Digital relief map of Panay

Panay is one of the Visayan Islands of the central Philippines. It lies to the northwest of Negros and is the sixth largest of the Philippine Islands, measuring some 75 miles (120 km) wide and 95 miles (150 km) long with an area of 4448 square miles (11,520 km2). The island has a central valley, through which runs the Jalauo River, flanked by mountains to the west and hills to the east. The western chain reaches to 6726' (2050 meters). There was a coastal road, and a second road and railroad ran up the central valley. The principal town was Iloilo on the southeast coast.

The island was defended by 61 Division when war broke out.

Elements of 41 Regiment landed on 16 April 1942 and secured the major town unopposed. The Allied forces retreated into the mountains and prepared for guerrilla warfare. The prewar governor of Panay, Tomás Confesor, eventually joined the guerrillas and established a civil government. Tomas had rejected an invitation to join a puppet government and in January 1943 rejected a demand by Jose Laurel that he surrender (Morison 1959):

I firmly believe that it is not wise and statesmanly for our leaders, in this their darkest hour, to teach our people to avoid sufferings and hardships at the sacrifice of fundamental principles of government and the democratic way of life. On the contrary, it is their bounden duty and responsibility to inspire our people to willingly undergo any kind of difficulties and sacrifices for the sake of noble principles that they nourish deep in their hearts. Instead of depressing their patriotic ardor, the people should be inspired to be brave and courageous under all kinds of hardships and difficulties in defense of what they consider righteous and just. We shall never win or deserve the esteem and respect of other nations if we lack principles and if we do not possess the courage and valor to defend those principles at any cost.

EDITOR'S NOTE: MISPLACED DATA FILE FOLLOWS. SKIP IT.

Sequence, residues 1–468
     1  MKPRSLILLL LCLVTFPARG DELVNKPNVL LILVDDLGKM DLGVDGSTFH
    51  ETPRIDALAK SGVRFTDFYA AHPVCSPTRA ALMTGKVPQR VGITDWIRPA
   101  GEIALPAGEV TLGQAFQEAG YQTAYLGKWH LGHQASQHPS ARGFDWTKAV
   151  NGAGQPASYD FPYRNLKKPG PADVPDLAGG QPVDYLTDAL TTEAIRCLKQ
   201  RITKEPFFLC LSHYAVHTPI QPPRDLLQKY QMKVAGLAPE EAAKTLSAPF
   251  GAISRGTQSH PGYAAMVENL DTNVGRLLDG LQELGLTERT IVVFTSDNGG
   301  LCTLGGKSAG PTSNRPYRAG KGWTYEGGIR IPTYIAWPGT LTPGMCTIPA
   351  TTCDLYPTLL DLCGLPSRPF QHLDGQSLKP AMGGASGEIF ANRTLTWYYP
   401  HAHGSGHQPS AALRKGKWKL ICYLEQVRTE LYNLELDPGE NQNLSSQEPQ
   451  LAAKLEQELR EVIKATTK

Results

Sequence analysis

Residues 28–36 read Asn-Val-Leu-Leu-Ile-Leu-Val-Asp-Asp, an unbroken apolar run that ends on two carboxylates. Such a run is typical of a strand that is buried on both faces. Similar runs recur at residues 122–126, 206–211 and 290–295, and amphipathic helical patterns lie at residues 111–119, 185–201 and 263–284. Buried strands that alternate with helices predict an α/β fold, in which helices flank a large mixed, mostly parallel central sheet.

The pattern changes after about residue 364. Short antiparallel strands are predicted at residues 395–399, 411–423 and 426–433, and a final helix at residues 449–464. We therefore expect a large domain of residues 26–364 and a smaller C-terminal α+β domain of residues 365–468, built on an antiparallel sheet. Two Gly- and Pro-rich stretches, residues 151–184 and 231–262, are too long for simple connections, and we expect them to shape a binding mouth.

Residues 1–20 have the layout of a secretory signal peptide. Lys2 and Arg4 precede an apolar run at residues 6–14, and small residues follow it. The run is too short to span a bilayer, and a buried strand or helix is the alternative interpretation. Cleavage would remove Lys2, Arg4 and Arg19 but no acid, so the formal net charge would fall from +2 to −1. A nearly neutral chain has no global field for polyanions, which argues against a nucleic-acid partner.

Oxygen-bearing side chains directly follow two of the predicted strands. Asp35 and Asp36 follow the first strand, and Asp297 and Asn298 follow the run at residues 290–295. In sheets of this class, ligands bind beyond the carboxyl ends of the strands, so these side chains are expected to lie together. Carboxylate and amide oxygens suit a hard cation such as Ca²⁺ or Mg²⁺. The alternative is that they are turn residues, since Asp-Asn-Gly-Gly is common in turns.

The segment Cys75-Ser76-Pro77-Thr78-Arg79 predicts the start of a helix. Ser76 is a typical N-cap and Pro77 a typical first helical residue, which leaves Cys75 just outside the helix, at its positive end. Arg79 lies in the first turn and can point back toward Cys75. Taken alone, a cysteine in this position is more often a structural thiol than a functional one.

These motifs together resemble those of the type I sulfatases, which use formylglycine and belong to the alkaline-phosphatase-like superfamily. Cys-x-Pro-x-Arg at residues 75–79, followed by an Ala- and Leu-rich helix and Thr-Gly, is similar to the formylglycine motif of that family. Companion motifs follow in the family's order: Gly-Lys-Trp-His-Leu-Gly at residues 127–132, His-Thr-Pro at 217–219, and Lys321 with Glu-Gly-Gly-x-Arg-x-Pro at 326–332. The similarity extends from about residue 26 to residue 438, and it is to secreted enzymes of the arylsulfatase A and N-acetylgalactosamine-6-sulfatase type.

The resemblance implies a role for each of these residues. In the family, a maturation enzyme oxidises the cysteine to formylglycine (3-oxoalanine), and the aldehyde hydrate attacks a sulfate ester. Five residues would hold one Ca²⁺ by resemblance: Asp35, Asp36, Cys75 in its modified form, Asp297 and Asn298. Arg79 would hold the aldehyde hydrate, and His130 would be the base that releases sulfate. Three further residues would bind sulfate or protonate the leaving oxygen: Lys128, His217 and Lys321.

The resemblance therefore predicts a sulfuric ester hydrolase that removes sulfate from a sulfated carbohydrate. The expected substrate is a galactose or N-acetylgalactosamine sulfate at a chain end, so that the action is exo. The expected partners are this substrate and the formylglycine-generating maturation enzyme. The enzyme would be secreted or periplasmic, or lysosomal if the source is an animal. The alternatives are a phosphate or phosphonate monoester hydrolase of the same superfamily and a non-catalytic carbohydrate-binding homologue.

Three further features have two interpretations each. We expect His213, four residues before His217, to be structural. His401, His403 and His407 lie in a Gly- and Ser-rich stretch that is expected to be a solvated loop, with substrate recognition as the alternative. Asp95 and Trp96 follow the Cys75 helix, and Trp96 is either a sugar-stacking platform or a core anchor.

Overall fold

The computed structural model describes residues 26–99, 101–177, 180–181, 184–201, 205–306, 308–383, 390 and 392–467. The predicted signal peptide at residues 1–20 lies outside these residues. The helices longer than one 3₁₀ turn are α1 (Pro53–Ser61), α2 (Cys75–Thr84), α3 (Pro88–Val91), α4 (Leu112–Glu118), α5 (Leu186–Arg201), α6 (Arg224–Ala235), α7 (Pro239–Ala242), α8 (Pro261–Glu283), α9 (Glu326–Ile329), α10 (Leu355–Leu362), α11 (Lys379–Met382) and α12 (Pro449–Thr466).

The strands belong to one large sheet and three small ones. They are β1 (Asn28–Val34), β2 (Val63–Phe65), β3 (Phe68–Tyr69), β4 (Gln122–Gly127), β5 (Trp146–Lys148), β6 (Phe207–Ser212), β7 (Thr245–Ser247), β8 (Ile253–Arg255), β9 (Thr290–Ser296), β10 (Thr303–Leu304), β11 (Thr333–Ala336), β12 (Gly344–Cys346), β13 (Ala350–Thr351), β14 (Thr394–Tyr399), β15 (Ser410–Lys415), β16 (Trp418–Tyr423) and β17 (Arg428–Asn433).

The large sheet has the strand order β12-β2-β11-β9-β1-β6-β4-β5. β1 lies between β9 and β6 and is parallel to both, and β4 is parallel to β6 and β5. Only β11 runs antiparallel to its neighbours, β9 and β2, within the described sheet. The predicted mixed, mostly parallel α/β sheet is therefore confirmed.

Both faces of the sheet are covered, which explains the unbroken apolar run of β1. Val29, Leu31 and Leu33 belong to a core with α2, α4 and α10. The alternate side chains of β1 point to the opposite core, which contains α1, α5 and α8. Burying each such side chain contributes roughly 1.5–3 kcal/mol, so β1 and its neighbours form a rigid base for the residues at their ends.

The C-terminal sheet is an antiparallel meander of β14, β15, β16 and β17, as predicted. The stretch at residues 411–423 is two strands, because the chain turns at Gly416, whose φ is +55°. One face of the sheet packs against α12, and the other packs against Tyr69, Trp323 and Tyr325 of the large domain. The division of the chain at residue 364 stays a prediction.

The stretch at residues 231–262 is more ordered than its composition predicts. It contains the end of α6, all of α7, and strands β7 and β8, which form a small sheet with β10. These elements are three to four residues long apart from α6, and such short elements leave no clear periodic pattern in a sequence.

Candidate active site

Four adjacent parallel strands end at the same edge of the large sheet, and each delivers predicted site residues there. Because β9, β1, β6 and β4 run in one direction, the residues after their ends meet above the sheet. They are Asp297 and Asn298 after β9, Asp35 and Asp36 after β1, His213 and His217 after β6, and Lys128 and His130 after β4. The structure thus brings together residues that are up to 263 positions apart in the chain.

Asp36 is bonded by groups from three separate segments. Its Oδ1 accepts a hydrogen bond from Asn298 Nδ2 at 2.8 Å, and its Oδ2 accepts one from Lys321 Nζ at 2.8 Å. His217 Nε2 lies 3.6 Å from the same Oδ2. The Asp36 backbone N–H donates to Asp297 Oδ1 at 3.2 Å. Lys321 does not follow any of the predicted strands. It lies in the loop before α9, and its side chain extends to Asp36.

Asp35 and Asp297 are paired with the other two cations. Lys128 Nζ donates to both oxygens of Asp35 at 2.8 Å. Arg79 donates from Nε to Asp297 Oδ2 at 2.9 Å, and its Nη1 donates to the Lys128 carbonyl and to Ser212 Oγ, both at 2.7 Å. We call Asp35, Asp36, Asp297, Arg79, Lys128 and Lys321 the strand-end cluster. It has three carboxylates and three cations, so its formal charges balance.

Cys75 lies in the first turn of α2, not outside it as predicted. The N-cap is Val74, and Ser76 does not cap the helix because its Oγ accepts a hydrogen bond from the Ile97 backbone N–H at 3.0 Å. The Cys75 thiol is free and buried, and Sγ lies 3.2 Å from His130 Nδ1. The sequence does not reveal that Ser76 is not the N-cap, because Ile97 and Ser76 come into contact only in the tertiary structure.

Elements of 40 Division (Brush) were landed on Panay on 18 March 1945 by Amphibian Group 9 (Struble) with cover from Cruiser Division 12 (Riggs). Preliminary bombardment began on 1 March and was provided by elements of 5 and 13 Air Forces and Marine Air Group 14. The landing force found the beach already occupied by guerrillas who were drawn up in parade formation to greet the Americans. The Japanese garrison, 2500 men of 170 Independent Battalion, 77 Brigade, had withdrawn to Iloilo, which they largely destroyed, and then to Inaman Hill. The Americans left the Japanese to the guerrillas. Casualties were about 20 Americans killed and 50 wounded, while the Japanese lost almost 1000 dead. Another 1560 Japanese surrendered at the end of the war.


Morison (1959)
Rottman (2002)

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